Florida Medical Malpractice Caps Ruled Unconstitutional


Last week, the Florida Supreme Court overturned existing legislation placing caps on how much medical malpractice plaintiffs are entitled to in pain-and-suffering damages.

In 2003, the controversial cap was applied to non-economic damages in medical malpractice cases to address a growing “medical malpractice insurance crisis”. It seems this decision remained in controversy; the legislation was only overruled in a 4-3 decision.

What does this mean for Florida medical malpractice?

Under the 2003 legislation brought in under Gov. Jeb Bush, the damages caps were applied in different amounts, depending on the nature of the suit, number of claimants, and types of defendants.

The Florida Supreme court thought differently, finding no proof of a connection between caps and a reduction of insurance premium costs. It stated in Its ruling,”…arbitrary reduction of compensation without regard to the severity of the injury does not bear a rational relationship to the Legislature’s stated interest in addressing the medical malpractice crisis”.

You may know someone affected by medical negligence and struggled to obtain restitution.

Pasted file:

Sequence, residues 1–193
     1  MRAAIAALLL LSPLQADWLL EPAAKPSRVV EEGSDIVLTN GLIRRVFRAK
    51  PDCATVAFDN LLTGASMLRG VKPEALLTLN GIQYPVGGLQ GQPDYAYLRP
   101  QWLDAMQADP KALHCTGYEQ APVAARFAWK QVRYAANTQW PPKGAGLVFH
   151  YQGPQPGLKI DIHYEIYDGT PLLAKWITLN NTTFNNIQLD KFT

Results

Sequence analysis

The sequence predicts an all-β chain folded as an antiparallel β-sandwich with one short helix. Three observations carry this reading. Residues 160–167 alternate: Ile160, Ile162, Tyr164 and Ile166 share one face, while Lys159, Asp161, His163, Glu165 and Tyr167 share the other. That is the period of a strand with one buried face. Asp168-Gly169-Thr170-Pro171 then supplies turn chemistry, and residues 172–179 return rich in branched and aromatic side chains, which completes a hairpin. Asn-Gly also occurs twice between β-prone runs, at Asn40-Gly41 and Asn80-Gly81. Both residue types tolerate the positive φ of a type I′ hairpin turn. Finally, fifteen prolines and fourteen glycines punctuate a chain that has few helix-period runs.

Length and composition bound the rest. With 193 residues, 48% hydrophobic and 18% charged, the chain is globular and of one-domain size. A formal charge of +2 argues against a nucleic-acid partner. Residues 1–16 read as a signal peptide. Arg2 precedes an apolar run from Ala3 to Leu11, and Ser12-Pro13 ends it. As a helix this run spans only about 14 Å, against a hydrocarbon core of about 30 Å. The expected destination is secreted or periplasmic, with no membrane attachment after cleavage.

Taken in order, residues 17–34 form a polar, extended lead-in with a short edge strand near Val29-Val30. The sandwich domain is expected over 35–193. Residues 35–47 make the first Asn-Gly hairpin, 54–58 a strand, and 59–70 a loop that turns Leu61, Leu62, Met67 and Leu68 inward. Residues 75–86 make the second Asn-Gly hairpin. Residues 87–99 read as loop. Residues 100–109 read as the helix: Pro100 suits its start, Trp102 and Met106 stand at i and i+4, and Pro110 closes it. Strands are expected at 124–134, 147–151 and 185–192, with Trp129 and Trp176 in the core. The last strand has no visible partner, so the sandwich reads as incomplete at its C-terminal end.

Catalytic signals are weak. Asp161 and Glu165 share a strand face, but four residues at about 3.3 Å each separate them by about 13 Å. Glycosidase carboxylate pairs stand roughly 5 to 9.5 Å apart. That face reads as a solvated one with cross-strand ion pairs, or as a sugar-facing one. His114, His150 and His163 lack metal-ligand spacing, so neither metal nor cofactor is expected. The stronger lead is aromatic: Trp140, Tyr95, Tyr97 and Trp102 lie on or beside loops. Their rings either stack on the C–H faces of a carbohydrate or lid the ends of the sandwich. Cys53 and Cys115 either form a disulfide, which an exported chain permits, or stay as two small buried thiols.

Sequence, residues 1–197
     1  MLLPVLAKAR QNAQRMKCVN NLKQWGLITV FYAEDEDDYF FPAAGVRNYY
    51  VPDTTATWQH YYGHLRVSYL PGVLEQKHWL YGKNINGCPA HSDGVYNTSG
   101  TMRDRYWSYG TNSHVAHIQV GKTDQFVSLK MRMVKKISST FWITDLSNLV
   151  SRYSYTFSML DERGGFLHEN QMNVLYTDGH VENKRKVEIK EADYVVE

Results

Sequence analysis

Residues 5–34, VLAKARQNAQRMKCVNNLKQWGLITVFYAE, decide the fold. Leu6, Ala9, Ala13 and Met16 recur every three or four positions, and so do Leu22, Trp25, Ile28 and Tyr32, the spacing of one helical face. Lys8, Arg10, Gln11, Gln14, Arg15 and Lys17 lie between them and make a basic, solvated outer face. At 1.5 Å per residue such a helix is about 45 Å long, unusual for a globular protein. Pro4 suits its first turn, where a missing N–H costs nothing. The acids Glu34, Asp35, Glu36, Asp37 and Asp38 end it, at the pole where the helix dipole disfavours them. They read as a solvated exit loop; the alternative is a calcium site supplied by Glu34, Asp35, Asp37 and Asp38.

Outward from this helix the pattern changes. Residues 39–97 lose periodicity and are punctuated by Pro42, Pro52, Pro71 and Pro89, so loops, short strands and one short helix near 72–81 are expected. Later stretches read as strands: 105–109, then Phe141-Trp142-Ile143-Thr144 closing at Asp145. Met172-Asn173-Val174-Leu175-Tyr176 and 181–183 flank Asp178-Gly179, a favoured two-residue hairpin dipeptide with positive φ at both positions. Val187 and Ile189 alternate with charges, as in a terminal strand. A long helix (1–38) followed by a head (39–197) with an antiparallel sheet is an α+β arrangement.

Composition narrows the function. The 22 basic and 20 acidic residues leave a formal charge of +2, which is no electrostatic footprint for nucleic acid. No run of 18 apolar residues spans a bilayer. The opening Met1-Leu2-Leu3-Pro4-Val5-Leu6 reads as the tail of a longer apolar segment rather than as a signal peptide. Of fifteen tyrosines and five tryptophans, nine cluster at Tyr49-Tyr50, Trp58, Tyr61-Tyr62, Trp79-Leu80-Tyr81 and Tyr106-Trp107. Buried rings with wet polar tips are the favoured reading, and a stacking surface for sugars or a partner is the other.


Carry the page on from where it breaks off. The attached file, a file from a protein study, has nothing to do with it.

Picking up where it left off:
Due to the caps, some claimants were even having trouble finding personal injury attorneys to take their case. Medical malpractice cases can generate high litigation costs, and with limits on damages, attorneys could not be properly compensated for time.

This ruling will affect every malpractice case, going forward. Those who support the ruling believe it will bring proper justice for many claimants who have had to settle for less than what they deserved in pain-and-suffering damages. You should not have to suffer at the hands of medical negligence. If you have experienced irreparable harm stemming from malpractice, you are entitled to relief.


To learn more about the Florida Supreme Court’s cap ruling, check out the Insurance Journal article. Contact our team with questions on filing a medical malpractice claim or if you want to know more about personal injury representation.